4. Try Avoid the case, that a single error is reported via multiple healthchecks. On the other side try to be as specific as possible when reporting. So instead of “more than 2% of all requests were answered with an HTTP statuscode 5xx” via healthcheck1 you should report “connection refused from LDAP server” in healthcheck 2. In many cases fundamental problems will trigger a lot of different symptoms (and therefor cause many healthchecks to fail) and it is very hard to change this behaviour. In that case you need to do document explicitly how to react in such responses and how to find the relevant healthcheck quickly.

Regarding the reporting itself you can report every problem/exception/failure or work with the threshold.

  • Report every single problem if the operations runs rarely. If you have a scheduled task with a daily interval, the healthcheck should report immediately if it fails. Also report “ok” if it works well again. The time between runs should give enough time to react.
  • If your operation runs very often (e.g. as part of every request) implement a threshold and report only a warning/error if this threshold is currently exceeded. But try to avoid constantly switching between “ok” and “not ok”.

I hope that this article gives you some idea how you should work with healthchecks. I see them as a great tool and very easy to implement. They are ideal to perform one-time validations (e.g. as smoketests after a deployment) and also for continous observation of an instance (by feeding healthcheck data to loadbalancers). Of course they can only observe the things you defined up front and do not replace testing. But they really speedup processes.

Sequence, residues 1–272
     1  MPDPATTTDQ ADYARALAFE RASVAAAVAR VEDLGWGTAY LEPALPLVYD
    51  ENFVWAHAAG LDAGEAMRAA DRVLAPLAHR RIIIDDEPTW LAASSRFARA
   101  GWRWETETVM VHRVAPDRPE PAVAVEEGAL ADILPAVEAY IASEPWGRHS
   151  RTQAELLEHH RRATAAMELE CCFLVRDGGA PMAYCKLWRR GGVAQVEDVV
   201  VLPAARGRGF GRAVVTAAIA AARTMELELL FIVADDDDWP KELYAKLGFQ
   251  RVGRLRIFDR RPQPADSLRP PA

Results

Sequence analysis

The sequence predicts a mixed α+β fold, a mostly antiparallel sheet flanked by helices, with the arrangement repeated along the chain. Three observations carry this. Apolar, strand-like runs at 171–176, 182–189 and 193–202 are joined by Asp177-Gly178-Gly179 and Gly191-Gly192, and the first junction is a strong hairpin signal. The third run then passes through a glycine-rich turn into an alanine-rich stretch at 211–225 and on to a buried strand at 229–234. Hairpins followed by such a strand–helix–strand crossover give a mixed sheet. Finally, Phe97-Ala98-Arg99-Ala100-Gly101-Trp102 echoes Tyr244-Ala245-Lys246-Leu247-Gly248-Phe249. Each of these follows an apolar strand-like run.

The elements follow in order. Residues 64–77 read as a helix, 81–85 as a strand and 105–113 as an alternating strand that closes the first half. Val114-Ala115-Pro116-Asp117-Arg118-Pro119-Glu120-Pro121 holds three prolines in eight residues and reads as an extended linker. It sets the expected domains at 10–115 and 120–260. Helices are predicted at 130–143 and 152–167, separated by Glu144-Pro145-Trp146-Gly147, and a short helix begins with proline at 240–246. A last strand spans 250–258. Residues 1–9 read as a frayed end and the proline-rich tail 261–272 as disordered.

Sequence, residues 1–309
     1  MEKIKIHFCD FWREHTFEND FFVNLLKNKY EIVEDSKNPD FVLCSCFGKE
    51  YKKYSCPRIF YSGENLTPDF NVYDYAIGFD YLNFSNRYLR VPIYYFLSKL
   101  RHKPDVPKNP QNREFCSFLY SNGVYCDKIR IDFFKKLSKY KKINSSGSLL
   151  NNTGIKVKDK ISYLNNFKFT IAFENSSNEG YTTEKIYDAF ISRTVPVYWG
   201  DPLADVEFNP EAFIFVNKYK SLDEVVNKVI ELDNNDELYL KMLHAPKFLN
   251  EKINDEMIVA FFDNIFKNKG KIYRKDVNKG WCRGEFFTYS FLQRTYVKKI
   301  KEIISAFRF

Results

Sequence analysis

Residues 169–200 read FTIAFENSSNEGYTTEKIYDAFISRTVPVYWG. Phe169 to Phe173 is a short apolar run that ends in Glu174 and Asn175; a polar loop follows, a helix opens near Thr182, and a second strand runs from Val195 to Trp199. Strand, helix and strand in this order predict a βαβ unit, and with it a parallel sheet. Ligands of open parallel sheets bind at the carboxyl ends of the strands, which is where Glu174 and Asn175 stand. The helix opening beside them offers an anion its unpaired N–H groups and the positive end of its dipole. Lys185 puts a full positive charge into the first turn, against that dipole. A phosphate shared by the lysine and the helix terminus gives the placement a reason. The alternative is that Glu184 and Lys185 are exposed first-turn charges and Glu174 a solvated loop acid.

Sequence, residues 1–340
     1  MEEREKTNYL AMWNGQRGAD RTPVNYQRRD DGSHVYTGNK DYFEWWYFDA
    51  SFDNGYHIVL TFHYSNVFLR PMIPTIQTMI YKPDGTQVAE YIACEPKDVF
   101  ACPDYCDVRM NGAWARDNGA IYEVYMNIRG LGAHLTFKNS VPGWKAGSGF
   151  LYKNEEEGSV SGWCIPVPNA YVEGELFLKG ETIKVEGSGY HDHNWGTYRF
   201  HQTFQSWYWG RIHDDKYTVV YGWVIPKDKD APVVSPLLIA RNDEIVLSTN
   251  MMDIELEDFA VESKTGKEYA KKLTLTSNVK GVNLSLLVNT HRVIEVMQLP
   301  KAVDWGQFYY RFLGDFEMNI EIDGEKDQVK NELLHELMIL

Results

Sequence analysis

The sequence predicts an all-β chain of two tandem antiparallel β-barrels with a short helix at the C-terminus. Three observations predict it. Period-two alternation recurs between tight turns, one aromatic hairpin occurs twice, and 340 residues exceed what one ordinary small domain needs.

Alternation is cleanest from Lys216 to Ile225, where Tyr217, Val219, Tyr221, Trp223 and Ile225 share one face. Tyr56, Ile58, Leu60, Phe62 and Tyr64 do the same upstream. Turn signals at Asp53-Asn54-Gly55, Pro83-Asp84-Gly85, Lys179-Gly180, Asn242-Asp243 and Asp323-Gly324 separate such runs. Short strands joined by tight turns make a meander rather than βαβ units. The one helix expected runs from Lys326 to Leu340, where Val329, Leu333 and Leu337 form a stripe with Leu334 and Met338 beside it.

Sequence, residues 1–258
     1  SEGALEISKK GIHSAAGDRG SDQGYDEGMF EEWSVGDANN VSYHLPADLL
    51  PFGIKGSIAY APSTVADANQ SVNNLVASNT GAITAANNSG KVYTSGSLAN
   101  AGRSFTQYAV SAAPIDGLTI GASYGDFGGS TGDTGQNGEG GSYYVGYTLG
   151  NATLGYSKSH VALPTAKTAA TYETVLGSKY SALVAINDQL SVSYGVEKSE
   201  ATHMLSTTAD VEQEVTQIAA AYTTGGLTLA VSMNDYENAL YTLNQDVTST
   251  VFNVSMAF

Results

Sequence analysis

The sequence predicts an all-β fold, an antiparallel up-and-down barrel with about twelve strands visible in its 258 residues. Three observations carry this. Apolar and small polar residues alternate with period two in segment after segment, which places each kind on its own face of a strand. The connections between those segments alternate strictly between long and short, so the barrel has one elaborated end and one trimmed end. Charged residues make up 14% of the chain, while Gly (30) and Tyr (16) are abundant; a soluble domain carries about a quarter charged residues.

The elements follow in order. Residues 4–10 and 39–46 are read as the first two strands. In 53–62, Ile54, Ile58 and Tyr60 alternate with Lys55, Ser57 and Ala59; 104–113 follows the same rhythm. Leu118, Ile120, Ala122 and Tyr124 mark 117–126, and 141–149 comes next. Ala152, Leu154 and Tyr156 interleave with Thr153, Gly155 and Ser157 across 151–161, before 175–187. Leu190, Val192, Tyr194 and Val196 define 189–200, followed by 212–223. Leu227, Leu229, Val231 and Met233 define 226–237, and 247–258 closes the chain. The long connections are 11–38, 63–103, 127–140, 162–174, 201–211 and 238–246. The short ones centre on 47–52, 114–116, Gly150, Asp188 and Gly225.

AEM and docker – a question of state

The containerization of the IT world continues. What started with virtualization in the early 2000s has reached with Docker a state, where it’s again a hype topic.

Therefor it’s natural that people also started to play with AEM in docker (, and many more).

Of course I was challenged with the requirement to run AEM in docker too. Customers and partners asking how to run AEM in docker. If I can provide dockerfiles etc.  I am hestitating to do it, because for me docker and AEM are not a really good fit (right now with AEM 6.3 in 2017).

Some background first: Docker containers should be stateless. Only if the application within the container does not hold any persistent state, you can shut it down (which means deleting all the files created by the application in the container itself), start it up, replace it by a different container holding a new version of the application etc. The whole idea is to make the persistent state somebody else’s problem (typically a database). Deployments should be as easy as starting new docker instances (from a pre-tested and validated docker images) and shutting down the old ones. Not working and testing in production anymore.